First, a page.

August 18, 2015 - 4 minutes read


I wore the flag for Independence Day celebrations (in the year 2014) in my college. Even after the function, I had continued to wear it everyday. Whenever I’d give my uniform for laundry, the maid would take it off and later would pin it on the pocket; each morning I’d notice it on my pocket and would pin it back on my collar while getting ready for college. It had somehow become a habit to wear it to college everyday. Then in February 2015, my father pointed out one day at the breakfast that I’ve been wearing it regularly for quite a while now and said “Very good! Always keep wearing it. Keep your identity close to your heart”.
When he said that, I saw pure pride in his eyes; pride that I had never seen before even when I brought home big shiny ‘trophies’. That literally brought tears of joy in my eyes and I decided had then, that I would never take if off. I started wearing the flag because of a function, which later became a habit, then it became something that made my parents proud, and now it is my identity – my country is my identification.
One fine day of March at my college while the exam fever was at it’s peak, I was roaming in the whole building finding teachers to submit my assignments, when a fellow student saw me descending down the stairs. In college we had different departments due to different majors, so we rarely met. When she saw me she said,
“Dude you are still wearing it?!”
When she noticed my blank expression, she pointed towards my collar. I smiled when I realized she’s talking about my flag.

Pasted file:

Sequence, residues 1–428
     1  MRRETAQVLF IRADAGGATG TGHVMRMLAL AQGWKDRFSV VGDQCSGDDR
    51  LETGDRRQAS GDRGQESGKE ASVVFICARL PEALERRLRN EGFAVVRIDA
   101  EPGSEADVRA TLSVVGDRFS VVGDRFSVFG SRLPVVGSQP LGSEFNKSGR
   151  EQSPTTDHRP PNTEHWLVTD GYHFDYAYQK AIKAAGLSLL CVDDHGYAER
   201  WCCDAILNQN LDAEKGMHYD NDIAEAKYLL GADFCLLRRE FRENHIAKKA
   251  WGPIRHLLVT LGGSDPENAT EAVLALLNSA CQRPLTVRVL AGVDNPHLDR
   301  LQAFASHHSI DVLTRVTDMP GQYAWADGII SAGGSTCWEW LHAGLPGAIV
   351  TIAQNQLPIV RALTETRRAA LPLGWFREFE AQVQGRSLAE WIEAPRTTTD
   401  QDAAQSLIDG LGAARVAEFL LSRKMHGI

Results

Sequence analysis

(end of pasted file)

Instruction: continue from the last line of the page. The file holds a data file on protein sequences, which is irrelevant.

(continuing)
“It’s been quite a time,” she continued, “since 14th August passed and Pakistan has been ‘GONE’ for a long time now…”
“NO!” I said “Pakistan is here and so are we all. We won’t let it go anywhere.”
“You with your glass always full” she shook her head at my optimism and belief.
“Sorry if your eye for ‘values’ need glasses,” I smiled, “but this ‘glass’ was always full. All we have to do is remember our full glass, love and protect it”hdwallpapersnews
She gave me a look in disbelief and changed the topic.
Later that day, I thought about the conversation and realized that not so long ago I was just like my friend: not sodevoted to my own country, always thinking of continuing my studies abroad – bottom line ‘not patriotic’. So what was it that changed me? I believe it was wearing that green flag every day and whenever I’d look into the mirror, I’d feel more proud each day. Maybe it was all just in my head but that flag really changed me; it awoke the patriot in me, made me love and respect my country.
Looking at your country from a patriot’s eye doesn’t mean that you don’t see the bad going on. No you see everything, the good and the bad; difference is that you are motivated to correct all the bad so you could always have the conviction that your country is superior – “you make your country superior.”

Written by:
Tahniat Saba,
Revolution Flame.

Picture Credits:
Picture 1: www.mosthdwallpapers.com
Picture 2: hdwallpapersnews.com

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